Olympic security reviewed after London violence
Britain vowed to review security plans for the 2012 London Olympics
on Tuesday as a third day of rioting forced the cancellation of
England's football match against the Netherlands.
Widespread unrest across the British capital, and the inability of
police to deal swiftly with Monday's multiple outbreaks of violence,
have prompted questions over security plans for next summer's sports
extravaganza. British Home Secretary Theresa May said officials would
"look at what is necessary" to ensure a trouble-free Olympics, where
police will be aiming to provide security for some 10,500 athletes. "We
take the issues around the Olympics very seriously," May told BBC radio.
"An awful lot of work has already gone into planning in relation to
the security and public order in relation to the Olympics and we will
continue to monitor that and continue to look at what is necessary and
what we need."
Olympics minister Hugh Robertson said anyone expressing scepticism
about London's security planning for the 2012 Games was "very, very
"We have a commitment to deliver a safe and secure Games and we will
do so," Robertson said.
The scenes of carnage could not have come at a worse time for London
organisers, who are currently hosting around 200 senior Olympics
officials for three days of meetings to address logistics for the Games.
However a spokesman for the International Olympic Committee (IOC) said
the organisation was confident London could deliver a secure event.
"Security at the Olympic Games is a top priority for the IOC," he
"It is, however, directly handled by the local authorities, as they
know best what is appropriate and proportionate. We are confident they
will do a good job in this domain."
British Olympic officials meanwhile expressed confidence that London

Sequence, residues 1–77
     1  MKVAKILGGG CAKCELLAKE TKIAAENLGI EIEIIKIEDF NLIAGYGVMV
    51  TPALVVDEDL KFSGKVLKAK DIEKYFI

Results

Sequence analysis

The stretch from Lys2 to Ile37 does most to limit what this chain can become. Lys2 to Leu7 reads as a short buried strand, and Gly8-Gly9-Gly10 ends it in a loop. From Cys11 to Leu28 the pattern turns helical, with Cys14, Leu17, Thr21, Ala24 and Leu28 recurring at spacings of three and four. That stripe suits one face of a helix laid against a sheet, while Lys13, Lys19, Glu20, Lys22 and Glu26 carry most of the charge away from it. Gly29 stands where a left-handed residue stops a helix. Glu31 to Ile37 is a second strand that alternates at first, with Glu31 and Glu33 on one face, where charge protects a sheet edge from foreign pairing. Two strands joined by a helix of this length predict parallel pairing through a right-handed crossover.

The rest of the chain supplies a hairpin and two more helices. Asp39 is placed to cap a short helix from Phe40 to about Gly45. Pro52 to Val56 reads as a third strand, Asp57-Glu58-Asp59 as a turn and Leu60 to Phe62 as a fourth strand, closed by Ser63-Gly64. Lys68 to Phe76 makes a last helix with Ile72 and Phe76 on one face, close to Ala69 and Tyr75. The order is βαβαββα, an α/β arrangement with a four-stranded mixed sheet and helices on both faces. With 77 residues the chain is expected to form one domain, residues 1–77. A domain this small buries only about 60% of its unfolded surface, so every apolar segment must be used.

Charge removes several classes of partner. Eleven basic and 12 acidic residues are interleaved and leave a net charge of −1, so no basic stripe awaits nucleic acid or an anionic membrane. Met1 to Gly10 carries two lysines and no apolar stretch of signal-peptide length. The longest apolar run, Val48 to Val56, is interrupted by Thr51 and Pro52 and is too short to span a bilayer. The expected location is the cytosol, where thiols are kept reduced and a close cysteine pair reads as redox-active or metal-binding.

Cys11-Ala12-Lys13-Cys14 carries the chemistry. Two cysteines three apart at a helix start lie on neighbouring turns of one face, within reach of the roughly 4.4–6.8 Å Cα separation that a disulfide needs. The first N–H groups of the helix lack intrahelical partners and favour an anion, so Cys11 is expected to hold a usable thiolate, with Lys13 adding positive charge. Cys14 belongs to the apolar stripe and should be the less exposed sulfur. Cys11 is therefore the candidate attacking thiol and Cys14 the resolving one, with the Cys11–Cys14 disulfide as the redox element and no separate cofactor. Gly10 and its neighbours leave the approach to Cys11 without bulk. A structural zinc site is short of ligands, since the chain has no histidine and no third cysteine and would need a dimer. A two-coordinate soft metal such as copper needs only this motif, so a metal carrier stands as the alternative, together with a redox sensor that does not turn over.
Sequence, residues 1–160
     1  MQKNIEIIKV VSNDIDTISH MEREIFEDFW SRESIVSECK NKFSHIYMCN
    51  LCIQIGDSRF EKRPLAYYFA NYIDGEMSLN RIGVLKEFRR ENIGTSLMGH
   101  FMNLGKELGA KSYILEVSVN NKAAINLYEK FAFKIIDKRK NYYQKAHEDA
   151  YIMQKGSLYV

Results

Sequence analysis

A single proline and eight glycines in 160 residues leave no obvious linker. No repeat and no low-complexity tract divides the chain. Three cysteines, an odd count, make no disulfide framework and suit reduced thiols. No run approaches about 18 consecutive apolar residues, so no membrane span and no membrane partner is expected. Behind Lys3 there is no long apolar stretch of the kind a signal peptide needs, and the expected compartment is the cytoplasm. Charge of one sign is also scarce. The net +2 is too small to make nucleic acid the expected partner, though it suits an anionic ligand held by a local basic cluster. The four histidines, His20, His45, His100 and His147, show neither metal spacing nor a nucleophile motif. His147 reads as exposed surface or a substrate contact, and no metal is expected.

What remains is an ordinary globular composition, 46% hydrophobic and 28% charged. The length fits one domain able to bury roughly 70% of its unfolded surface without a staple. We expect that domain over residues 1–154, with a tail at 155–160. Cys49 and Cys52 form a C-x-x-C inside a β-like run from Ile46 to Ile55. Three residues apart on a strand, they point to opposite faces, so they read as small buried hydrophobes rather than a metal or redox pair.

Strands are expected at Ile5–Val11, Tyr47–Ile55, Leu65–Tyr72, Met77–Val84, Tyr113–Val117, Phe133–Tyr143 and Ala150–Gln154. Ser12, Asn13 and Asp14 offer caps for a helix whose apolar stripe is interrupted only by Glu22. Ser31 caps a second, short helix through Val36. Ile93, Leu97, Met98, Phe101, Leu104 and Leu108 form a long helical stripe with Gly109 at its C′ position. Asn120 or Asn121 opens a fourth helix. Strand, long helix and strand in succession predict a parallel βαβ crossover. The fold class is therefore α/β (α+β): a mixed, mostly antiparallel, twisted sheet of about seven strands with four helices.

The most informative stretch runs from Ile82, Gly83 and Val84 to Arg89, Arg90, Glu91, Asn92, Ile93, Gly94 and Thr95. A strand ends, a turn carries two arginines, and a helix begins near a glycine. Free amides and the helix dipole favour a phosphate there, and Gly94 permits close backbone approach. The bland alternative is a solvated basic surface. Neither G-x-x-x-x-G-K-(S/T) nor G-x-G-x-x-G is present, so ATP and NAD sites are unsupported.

would be able to host a trouble-free games.
"This is not a reflection of London, this is a reflection of the
world we live in today," British Olympic Association director of
communications Darryl Seibel told Sky Sports News.
The unrest forced a hurried conclusion to the beach volleyball
Olympic test event taking place at Horseguards Parade in central London.
The event had been due to finish at 10pm local time before its end was
brought forward to 7pm.
The British sporting world reacted with disgust to the scenes of
looting and rioting in London, which has spread to several cities across
Double Olympic champion Kelly Holmes branded the violence a "bloody
"A minority of hooligans are sending out bad message for the rest of
the country. World eyes 2012!" Holmes wrote on Twitter.
"In less than one year we welcome the world to London and right now
the world doesn't want to come," British distance runner Paula Radcliffe
The comments came as football chiefs confirmed England's friendly
against the Dutch at Wembley scheduled for Wednesday had been cancelled
amid fears for fan and player safety.
"It is terribly sad that a major sports event of this sort has to be
cancelled in this way," FA chairman David Bernstein said.
"But we have to put safety and security matters first ... I think we
have done the only thing we could do."
The unprecedented decision followed the earlier postponement of
League Cup matches involving West Ham, Charlton and Crystal Palace after
England star Rio Ferdinand responded to the announcement on
micro-blogging site Twitter.
"England vs Holland game is off, good call. Who wants to see a game
of football when our country is in turmoil," Ferdinand wrote.
Authorities in Birmingham, another city marred by violence on Monday,
meanwhile said England's cricket match against India was set to get
under way as planned on Wednesday.
England captain Andrew Strauss said his team's preparations had been
unaffected by the violence.
"When you watch these scenes on the television, it's horrific and
it's far from England's proudest moment. But we fully intend to play the
game as we would any other game," Strauss said. LONDON, Wednesday (AFP)